Dawn Reader

Dawn Reader
from Open Door Coffee Co.; Hudson, OH; Oct. 26, 2016

Friday, April 7, 2017

Frankensein Sundae, 300

I have no wish to pound into the ground this point about Mary’s self-references in the numerous encyclopedia entries she wrote in the mid-1830s.  Just a few more …
In the first volume of her French Lives—a project by the way that mentions few women—she does have an entry on Madame De Sévigné (1626–1696). We could not, writes Mary, omit a name so highly honourable to her country … whose genius has adorned the world.[1] And a few pages later, Mary comments about her subject’s widowhood, comments that clearly relate to Mary’s experience, as well. Left at four-and-twenty without her husband’s protection, in the midst of a society loosened from all moral restrictions, in which the highest were the most libertine, no evil breath ever tainted her fair name.[2]
Mary—widowed also at four-and-twenty—did not, of course, enjoy any of this freedom from censure. Not only did she suffer throughout the remainder of her life from the taint of her elopement with a married man in 1814, but she also endured bitter words about the behavior of her parents—William Godwin and Mary Wollstonecraft—for their unconventional (and therefore immoral and shameful!) behavior.
At the end of her entry, Mary—thinking of herself?—says It is strange how people can find dark spots in the sun ….[3]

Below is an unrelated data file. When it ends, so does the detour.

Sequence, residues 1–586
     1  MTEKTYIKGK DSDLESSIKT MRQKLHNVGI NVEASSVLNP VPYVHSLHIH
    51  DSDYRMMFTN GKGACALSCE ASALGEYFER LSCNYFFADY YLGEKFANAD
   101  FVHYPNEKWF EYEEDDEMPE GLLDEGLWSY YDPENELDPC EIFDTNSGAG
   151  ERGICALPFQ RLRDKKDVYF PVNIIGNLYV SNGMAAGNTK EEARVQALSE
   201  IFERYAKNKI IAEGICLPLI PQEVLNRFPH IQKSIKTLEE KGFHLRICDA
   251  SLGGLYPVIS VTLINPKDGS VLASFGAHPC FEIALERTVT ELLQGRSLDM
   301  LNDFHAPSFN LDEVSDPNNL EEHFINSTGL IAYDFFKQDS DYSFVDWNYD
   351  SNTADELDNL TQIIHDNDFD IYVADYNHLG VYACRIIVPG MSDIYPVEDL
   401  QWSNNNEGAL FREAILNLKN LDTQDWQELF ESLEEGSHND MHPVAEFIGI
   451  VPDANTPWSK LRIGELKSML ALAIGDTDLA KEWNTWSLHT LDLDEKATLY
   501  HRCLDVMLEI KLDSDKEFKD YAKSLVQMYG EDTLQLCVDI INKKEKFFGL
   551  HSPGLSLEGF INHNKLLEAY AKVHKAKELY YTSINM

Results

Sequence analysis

In the second volume of French Lives, writing of Rousseau (1812–1778), Mary comments further on what she calls women’s virtue: It is not today that we have learnt, that it is not true, that when a woman loses one virtue she loses all. The true distinctive virtue of woman’s nature is her promptitude of self-sacrifice and a capacity to bind up her existence in the happiness and well-being of the objects of her attachment.[4] Surely, she was thinking: This is what I want you to think of me!
Finally … in her entry on Madame de Stael (1766–1817) she alludes to de Stael’s fondness for Lord Byron in Geneva in the summer of 1816. The summer Bysshe and Mary were there. The famous Frankenstein Summer when she wrote the story that became the novel that has overwhelmed the world.[5] She does not mention herself in this passage, but she does add, a page or so later, what could be a sub-theme of all of her entries: Such is the defect of human nature that we have no right to demand perfection from any individual of the species.[6]
She could just as well have said, “Forgive me. I have, after all, forgiven myself.

[1] Ibid., 214.
[2] Ibid., 218.
[3] Ibid., 256.
[4] (London: Longman, Orme, Brown, Green, & Longmans; John Taylor, 1839), 126.
[5] Ibid., 339–40.
[6] Ibid., 344.

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